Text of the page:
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The Day Planner vision

Note: This page has changed from the original version. This is the current vision. You may also view the original vision document

The vision of Day Planner is to create a Day Planner that:
- Is easy to use
- Is simple to learn
- Is consistent
- works offline, does not require an internet connection
- goes out of its way to make sure the user knows about an appointment
- follows the GNOME HIG
- has the features people need, but not more. No bloat, no excessive features
- has a clean, well documented and extendible codebase
- does one thing, and does that well


User interface
The user interface is going to be simple. It should not be bloated like many other planning applications (such as the Mozilla sunbird and Evolution planners). It should follow the GNOME human interface guidelines and use the GTK GUI libraries.

Read-only web interface
Day Planner is able to export to html (read-only). This is possible to do both when X is running and when it isn't. This so that the user can access her or his events from a web interface. Further on perhaps it could be an idea to have an actual web client. This is however not a priority and there is by no means any ETA. when or if this might happen.

Underlying daemon ("the reminder")
The daemon is hidden from view most of the time. The user shouldn't know about it. The daemon takes care of access control (making sure only one client is running at any one time) and running the notification program to notify the user about events. Day Planner shouldn't be running without it. When speaking about the daemon to the user it should be referred to as the "Day Planner reminder".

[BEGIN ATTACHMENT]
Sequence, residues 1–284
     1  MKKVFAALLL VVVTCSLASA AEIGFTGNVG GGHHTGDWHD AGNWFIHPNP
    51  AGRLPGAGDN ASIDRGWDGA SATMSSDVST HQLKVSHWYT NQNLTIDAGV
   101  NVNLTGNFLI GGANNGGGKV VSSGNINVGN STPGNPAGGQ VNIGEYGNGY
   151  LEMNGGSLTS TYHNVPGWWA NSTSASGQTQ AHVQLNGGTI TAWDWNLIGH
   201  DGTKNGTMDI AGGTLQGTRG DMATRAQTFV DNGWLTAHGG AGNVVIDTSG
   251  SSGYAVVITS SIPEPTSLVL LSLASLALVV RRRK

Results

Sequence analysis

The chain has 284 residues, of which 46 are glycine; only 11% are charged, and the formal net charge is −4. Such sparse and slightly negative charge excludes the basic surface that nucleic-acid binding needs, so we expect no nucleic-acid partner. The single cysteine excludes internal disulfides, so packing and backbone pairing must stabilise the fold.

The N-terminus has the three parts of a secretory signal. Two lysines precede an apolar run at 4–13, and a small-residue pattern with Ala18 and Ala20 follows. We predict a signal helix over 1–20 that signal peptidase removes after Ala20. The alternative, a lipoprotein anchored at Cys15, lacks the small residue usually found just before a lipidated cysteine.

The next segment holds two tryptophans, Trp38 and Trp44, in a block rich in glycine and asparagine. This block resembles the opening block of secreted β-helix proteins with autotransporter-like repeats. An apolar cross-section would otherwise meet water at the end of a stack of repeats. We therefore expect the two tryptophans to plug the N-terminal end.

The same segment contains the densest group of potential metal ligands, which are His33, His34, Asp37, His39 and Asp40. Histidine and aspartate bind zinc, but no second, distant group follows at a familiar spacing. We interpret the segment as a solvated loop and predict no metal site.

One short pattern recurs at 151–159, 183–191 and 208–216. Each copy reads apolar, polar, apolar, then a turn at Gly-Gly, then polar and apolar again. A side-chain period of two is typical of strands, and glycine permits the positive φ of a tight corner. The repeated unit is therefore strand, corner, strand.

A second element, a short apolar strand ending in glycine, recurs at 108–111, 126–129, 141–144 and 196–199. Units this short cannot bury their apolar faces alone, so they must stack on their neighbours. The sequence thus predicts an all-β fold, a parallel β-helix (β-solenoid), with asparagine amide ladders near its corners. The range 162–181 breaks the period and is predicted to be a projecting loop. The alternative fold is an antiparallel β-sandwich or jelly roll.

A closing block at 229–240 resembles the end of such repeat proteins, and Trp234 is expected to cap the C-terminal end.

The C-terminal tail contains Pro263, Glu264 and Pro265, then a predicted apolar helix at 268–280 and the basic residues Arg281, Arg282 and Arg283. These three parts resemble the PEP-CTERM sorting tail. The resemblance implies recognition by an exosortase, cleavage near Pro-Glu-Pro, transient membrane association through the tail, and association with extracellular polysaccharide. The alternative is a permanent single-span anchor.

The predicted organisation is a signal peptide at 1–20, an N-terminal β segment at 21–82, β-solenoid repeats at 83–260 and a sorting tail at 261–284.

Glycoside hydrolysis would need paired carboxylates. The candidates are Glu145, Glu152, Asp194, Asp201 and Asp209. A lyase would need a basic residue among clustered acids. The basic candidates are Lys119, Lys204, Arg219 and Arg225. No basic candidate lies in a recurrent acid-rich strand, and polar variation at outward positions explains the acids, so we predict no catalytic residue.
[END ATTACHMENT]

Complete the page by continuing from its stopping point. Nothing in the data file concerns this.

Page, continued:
Underlying notification software
The notification software takes care of making sure the user knows about an event. It displays a GUI pop-up dialog and takes care of the "postpone" button in those dialogs. It writes to all terminals of the user when X is not available. Perhaps it should also be able to notify the user in other ways. This can be achieved by for instance:
Mailing the user

Innovative notification - aka. in a perfect world...
SMS notification is a very interesting option. Sending the user an SMS or MMS with the description and time of the event. This is not currently possible, SMS costs money and there is no good web interface to send it from. This could be solved by using online websites to send free SMS messages, but it would be a very hacky, ugly and time-consuming thing to write and wouldn't really be reliable. Still, this is a vision document, and in a perfect world this would be possible. Perhaps if mobile phones one day get a permanent internet connection we can have a mobile phone client. I doubt it though...

Networking and calendar sharing
Networking
Day Planner has the Day Planner services system which allows you to synchronize with a central server. That server can again generate a web interface for you automatically so that your calendar will always be available. It also allows you to synchronize Day Planner at multiple locations (for instance one at work and one at home). But even with this the calendar is also saved locally and you can make changes without networking which will be uploaded once networking is available.

This system will some time in the future be replaced by a Conduit- based solution. This will allow Day Planner to have much more versatile synchronization, not only limited to the Day Planner services system, but also possibly to online calendars, mobile units and so on.

Calendar sharing As the services will have all of the networking stuff in place, it should be fairly simple to get calendar sharing on that server too. Then we would have to allow the user to make stuff public and private so that not everything is shared (and by default nothing). The user can then grant read-only access to other users.

Internet calendars Day Planner will in the future be able to subscribe to online iCalendars, this will allow users to easily and efficiently keep up to date with interesting dates.

Copyright © Eskild Hustvedt 2006, 2007, 2008, 2009, 2010
Artwork Copyright © Jason Holland 2006
Some parts of the website design used with the permission of Isak Savo
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